Hannibal Buress’ straightforward hilarity in ‘Comedy Camisado’
Adam Ramos | Tuesday, February 16, 2016
On his third major stand-up special “Comedy Camisado” Hannibal Buress enters the stage quietly, letting out one thank you and a clap before getting into his first bit. Dressed in modest, dark clothing, Buress makes it clear from the get-go that his act lacks pizzazz. Fortunately it is in this simplicity that the Chicago native shines as a stand-up comic.
Hannibal Buress has made a career of exposing the humor behind life’s innocent mundanities. Beginning with everyday observations, Buress’ gift of storytelling and frank delivery allows him to navigate the audience through hilarious and often provocative digressions. Whether Buress is musing about acting alongside a baby or explaining his gripe with intentional walks in baseball, “Comedy Camisado” succeeds in its unsophistication.
After impressing audiences with his oddball sensibility through a series of minor roles and writing credits on shows like “30 Rock,” “Louie” and “SNL,” Buress landed a co-hosting role on Adult Swim’s “The Eric Andre Show.” A lethargic foil to André’s off-the-wall insanity, Buress established a brilliantly surreal dynamic on the late-night show parody and gained the attention of more mainstream outlets in the process.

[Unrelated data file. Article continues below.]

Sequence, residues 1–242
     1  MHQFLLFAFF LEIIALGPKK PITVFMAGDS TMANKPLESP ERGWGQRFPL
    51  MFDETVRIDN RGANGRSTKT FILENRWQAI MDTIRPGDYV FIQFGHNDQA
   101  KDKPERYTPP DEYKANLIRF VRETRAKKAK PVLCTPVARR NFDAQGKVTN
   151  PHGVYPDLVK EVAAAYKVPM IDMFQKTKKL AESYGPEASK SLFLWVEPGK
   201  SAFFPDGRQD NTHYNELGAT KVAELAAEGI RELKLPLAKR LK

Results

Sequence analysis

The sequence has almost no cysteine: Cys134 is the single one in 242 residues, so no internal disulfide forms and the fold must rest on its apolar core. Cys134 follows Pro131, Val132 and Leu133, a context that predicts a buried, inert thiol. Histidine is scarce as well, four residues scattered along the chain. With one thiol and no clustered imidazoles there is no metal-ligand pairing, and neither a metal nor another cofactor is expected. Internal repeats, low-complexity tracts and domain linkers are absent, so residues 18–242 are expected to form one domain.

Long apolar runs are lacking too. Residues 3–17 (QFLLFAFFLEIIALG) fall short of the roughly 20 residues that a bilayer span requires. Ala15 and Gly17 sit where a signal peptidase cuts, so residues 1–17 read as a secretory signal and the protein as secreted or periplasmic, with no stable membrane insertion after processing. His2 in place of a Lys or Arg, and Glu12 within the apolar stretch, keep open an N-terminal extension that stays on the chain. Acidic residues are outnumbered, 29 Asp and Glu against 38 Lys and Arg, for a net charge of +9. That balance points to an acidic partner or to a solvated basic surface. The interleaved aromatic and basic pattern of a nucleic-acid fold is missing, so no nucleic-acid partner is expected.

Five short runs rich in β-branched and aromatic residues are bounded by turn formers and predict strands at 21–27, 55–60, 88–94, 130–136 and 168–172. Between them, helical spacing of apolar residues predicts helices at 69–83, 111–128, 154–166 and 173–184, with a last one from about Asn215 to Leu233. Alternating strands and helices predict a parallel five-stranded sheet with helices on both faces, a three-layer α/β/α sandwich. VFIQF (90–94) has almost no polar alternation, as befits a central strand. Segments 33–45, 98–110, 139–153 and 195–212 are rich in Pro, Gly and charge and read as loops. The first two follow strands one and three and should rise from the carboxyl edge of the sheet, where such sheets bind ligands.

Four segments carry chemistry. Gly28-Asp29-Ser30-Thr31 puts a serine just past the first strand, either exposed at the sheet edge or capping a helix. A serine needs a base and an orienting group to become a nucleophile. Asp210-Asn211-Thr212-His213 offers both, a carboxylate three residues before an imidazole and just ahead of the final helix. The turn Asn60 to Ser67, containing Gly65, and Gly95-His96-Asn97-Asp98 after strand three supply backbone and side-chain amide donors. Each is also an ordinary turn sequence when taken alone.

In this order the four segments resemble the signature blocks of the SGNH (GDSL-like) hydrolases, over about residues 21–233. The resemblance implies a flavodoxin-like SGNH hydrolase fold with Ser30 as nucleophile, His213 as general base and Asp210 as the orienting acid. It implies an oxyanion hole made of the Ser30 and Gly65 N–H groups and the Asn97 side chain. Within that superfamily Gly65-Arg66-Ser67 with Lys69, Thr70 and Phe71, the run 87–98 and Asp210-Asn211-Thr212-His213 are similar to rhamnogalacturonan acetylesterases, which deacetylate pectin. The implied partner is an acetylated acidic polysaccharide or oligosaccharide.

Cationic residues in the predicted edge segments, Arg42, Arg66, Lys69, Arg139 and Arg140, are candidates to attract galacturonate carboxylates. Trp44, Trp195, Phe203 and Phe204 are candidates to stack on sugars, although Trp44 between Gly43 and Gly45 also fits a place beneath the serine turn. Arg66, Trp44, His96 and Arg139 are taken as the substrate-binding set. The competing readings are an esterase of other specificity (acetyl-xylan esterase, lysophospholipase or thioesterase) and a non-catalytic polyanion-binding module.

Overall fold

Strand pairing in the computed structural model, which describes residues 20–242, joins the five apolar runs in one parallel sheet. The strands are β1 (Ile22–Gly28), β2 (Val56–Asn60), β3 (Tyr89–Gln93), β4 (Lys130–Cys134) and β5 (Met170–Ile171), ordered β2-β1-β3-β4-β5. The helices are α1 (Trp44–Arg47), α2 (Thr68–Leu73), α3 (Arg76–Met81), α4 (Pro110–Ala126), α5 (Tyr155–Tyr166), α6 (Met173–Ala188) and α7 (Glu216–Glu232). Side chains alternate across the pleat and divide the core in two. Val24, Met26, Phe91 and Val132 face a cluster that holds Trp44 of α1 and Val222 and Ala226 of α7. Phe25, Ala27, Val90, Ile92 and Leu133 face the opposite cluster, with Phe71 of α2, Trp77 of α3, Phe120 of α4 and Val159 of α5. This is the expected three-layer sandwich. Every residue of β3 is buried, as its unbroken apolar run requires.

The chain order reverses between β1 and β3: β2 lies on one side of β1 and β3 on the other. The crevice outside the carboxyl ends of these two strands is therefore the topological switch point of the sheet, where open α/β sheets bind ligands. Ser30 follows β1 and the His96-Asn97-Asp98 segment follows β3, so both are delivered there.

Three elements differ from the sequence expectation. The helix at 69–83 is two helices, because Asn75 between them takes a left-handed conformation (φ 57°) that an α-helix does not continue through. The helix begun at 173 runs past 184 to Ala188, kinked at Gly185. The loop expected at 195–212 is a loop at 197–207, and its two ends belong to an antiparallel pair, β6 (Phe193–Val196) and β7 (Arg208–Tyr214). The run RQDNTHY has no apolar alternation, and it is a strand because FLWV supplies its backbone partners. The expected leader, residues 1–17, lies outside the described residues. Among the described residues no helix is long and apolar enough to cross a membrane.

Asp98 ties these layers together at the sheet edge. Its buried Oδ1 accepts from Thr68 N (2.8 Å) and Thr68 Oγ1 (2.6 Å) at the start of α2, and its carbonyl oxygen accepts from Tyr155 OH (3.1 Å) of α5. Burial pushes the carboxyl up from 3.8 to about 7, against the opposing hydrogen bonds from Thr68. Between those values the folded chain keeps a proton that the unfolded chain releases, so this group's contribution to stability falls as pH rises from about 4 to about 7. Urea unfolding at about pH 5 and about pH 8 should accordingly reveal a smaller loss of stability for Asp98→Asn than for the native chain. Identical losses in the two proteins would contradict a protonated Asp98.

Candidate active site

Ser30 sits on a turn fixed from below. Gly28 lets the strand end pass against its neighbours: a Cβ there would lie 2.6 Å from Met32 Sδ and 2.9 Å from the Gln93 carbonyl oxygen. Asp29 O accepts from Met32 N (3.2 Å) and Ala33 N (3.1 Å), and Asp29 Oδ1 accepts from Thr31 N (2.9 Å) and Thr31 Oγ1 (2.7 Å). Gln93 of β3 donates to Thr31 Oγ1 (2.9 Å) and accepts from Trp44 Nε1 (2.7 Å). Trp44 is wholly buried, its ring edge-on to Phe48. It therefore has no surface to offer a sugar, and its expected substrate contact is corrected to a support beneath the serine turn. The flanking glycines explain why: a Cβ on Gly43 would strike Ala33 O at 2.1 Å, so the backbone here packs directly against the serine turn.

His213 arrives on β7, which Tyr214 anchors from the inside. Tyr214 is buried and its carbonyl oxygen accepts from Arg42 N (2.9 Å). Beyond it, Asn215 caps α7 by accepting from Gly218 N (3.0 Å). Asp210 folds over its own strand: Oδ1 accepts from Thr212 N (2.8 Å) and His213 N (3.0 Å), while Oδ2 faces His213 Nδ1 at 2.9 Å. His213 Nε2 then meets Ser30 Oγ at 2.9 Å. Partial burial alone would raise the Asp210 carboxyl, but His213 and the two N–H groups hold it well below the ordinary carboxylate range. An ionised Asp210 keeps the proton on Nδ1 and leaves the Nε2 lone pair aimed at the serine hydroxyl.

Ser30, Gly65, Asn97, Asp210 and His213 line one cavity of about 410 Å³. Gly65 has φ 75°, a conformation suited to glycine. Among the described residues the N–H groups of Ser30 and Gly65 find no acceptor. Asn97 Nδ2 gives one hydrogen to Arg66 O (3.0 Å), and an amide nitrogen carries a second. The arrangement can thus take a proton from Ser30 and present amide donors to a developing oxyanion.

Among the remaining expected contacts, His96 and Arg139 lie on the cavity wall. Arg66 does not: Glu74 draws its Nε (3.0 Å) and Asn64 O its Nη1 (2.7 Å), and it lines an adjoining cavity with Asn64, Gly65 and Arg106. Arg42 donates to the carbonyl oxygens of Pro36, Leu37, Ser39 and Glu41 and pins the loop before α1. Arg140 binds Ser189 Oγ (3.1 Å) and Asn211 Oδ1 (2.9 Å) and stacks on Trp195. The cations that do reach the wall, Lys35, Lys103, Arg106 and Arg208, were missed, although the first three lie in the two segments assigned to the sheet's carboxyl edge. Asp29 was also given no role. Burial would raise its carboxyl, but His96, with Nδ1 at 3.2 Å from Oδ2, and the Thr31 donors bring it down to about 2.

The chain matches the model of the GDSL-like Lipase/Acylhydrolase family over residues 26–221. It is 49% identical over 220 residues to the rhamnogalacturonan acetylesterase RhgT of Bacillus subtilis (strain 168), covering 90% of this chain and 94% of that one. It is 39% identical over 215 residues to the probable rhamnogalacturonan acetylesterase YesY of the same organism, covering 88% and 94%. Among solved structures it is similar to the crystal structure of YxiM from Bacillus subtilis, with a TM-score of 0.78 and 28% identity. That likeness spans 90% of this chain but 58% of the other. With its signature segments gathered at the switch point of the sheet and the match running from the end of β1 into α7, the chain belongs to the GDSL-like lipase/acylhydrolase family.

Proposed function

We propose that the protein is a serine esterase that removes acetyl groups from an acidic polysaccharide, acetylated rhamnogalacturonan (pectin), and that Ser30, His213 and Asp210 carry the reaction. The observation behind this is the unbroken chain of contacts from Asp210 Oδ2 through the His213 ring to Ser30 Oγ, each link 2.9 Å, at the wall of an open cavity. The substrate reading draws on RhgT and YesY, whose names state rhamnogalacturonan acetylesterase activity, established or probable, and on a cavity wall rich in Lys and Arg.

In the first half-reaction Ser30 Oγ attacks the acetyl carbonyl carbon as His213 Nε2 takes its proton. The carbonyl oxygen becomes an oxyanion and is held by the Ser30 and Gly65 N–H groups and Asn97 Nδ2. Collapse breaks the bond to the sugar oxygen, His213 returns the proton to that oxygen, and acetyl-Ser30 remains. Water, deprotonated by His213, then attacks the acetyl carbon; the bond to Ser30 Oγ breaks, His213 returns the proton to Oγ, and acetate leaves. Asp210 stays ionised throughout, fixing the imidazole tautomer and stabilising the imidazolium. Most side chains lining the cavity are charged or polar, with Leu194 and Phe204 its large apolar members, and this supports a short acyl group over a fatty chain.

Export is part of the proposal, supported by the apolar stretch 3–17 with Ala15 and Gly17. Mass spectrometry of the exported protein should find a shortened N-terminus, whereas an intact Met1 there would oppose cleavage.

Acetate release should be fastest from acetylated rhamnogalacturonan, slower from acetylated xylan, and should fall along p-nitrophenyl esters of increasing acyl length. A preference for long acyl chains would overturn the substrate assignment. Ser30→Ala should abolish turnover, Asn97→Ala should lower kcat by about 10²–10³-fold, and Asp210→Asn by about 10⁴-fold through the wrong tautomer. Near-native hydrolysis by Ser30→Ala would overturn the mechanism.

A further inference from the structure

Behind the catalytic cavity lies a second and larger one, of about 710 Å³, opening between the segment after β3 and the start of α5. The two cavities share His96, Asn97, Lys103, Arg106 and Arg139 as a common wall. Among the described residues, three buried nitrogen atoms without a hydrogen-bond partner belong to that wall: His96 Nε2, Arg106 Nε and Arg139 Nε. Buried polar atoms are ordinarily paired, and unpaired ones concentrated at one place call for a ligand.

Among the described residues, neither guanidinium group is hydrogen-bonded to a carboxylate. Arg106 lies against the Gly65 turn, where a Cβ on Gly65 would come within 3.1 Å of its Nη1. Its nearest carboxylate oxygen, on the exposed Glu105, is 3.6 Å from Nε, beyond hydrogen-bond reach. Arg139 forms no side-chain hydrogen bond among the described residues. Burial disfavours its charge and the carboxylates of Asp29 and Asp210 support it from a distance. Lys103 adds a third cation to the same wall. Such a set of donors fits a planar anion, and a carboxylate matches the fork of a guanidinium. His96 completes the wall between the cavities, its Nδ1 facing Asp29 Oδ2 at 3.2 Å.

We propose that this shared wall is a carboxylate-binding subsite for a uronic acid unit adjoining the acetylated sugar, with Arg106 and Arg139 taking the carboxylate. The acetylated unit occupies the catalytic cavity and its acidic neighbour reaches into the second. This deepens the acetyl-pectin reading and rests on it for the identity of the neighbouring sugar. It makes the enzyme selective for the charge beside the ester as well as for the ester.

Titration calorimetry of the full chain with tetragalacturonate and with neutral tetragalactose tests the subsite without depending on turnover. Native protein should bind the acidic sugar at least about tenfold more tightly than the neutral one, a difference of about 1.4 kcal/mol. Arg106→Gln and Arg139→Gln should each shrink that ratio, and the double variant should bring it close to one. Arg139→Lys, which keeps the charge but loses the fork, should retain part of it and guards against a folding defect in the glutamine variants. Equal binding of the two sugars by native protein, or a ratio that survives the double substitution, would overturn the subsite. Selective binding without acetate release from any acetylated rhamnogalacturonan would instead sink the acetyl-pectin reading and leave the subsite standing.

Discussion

This past year Buress shined as the curiously lovable Lincoln Rice on Comedy Central’s hilarious “Broad City.” Buress continued his success through voice roles on animated programs “Chozen,” “China, IL” and “Lucas Bros. Moving Co.” before earning his own Comedy Central late night show “Why? with Hannibal Buress” in 2015 (since canceled).
Some may recognize him as the comedian who in 2014 “made an offhand joke about Cosby raping” Buress explains in Camisado, maintaining his signature nonchalance. Buress is certainly more than “that comic,” the uproar was in part testament to just how funny that bit was. Such unabashed bluntness is a hallmark of the Buress’ brand, and is very present throughout much of “Comedy Camisado.”
“Pitchers, that’s one of the few jobs where if you do your job poorly, there are explosions in the sky. One of the others is TSA agent,” Buress observes, as if just coming up with it on the spot before letting out a chuckle. The mix of honesty, creativity and dark humor serve Buress well. His cool delivery ensures playful genuineness. Colorful expressions, relatable references and passionate impersonations all add compelling components to Buress’ act, and though it may not be the most gripping comedy, the short hour certainly flies by.
Throughout most of the act, Hannibal toes a fine line between corniness and authenticity, yet his experience and goofy stage presence is enough to ground at least most of his bits. That being said, there are some jokes, such as one bit on Stevie Wonder, which come off a bit undeveloped; but those moments are fleeting, quickly transitioning to more fruitful pursuits.